February 18, 2005

Feynman, on Uncertainty.

"I can live with doubt and uncertainty and not knowing. I think it is much
more interesting to live not knowing than to have answers that might be
-- Feynman

The man of the hour, my guy Richard Feynman (1918 - 1988), a scientist (physicist, to be precise) and author of a good many books. Ray (my boyfriend) adores the man, and I must admit, I have a certain fondness for him, as well. Why am I including a bit about him here, in a blog about religion? Because his stance on "living with uncertainty," although mostly pointed advice to his fellow scientists, is important for everyone to take to heart. Perhaps you noticed the rather disengaged tone of my previous entry? For the past several hours, I've been struggling with an undefined frustration, and it's only just hit me what it grew from: the realization today that the general assumption made by many philosopher-types is that it's better to have a good, solid argument in support of an untruth than to remain admittedly unsure. I can't accept that. I am in love with Mystery, with paradox. And it's comforting to know that Feynman, a cooky but clever man, a scientist--not some silly student poet who can be easily brushed aside--would understand where I'm coming from. I highly recommend his book, The Pleasure of Finding Things Out.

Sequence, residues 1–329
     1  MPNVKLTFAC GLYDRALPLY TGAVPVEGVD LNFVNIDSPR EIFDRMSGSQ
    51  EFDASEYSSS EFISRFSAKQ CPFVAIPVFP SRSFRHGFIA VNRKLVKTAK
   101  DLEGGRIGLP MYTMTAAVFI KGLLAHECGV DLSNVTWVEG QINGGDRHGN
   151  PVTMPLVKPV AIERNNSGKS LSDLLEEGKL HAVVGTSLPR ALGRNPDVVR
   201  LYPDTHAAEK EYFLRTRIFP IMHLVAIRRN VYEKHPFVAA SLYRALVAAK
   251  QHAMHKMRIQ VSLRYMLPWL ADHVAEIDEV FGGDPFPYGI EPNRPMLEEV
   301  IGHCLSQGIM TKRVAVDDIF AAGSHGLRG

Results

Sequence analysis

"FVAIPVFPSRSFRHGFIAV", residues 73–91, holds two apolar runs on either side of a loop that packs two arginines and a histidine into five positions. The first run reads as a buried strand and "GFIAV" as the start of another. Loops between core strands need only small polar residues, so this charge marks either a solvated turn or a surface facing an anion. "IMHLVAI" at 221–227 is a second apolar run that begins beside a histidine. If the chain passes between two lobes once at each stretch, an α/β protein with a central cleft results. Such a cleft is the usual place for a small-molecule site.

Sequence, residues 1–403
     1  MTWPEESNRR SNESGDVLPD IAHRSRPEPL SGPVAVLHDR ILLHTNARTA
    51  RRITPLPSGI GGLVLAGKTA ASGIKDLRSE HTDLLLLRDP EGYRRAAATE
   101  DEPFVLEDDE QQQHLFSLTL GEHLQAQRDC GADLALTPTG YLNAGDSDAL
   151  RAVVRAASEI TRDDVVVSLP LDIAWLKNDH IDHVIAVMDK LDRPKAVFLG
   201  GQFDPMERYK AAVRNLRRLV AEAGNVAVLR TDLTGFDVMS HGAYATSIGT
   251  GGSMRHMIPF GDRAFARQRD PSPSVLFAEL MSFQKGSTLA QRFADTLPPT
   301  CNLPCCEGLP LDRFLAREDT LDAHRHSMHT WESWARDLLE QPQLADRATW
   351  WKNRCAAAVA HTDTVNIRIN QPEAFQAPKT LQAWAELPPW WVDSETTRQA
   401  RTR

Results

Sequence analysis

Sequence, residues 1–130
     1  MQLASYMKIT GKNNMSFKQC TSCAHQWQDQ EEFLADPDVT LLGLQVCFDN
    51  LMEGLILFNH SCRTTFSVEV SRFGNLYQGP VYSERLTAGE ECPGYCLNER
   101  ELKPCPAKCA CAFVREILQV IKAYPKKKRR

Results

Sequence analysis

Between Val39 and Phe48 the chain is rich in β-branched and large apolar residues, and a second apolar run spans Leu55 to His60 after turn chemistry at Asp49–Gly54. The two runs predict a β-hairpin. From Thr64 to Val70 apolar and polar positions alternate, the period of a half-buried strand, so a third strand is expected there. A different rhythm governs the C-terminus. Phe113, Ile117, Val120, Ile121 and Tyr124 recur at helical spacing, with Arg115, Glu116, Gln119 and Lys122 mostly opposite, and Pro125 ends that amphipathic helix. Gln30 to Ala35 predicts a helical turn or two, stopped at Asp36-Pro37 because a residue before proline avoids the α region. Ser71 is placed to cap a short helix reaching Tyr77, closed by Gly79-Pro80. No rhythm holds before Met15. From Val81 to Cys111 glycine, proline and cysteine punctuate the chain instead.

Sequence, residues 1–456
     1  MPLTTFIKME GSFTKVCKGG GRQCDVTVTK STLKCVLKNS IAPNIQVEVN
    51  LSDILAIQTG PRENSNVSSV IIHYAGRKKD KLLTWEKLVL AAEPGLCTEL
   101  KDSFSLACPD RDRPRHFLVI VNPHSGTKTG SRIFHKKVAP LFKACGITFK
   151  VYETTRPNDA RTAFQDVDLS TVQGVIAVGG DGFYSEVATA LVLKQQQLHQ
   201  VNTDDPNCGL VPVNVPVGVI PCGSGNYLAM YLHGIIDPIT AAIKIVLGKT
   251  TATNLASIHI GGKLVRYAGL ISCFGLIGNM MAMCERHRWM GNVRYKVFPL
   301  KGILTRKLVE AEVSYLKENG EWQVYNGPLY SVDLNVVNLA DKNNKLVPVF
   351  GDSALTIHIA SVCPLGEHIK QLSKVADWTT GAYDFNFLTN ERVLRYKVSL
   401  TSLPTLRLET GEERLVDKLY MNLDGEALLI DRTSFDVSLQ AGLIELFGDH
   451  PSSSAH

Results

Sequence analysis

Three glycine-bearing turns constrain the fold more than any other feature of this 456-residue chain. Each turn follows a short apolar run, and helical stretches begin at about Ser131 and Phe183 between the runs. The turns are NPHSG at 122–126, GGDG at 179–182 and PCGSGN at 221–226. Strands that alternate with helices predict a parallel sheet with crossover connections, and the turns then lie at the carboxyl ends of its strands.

And now, without delay, I give you just a taste.

"It doesn't matter how beautiful your theory is, it doesn't matter how smart you
are. If it doesn't agree with experiment, it's wrong."

"The idea is to try to give all the information to help others to judge the
value of your contribution; not just the information that leads to judgment in
one particular direction or another."

"Our imagination is stretched to the utmost, not, as in fiction, to imagine
things which are not really there, but just to comprehend those things which
'are' there."

"You can know the name of a bird in all the languages of the world, but when
you're finished, you'll know absolutely nothing whatever about the bird... So
let's look at the bird and see what it's doing -- that's what counts. I learned
very early the difference between knowing the name of something and knowing

"The first principle is that you must not fool yourself - and you are the
easiest person to fool."


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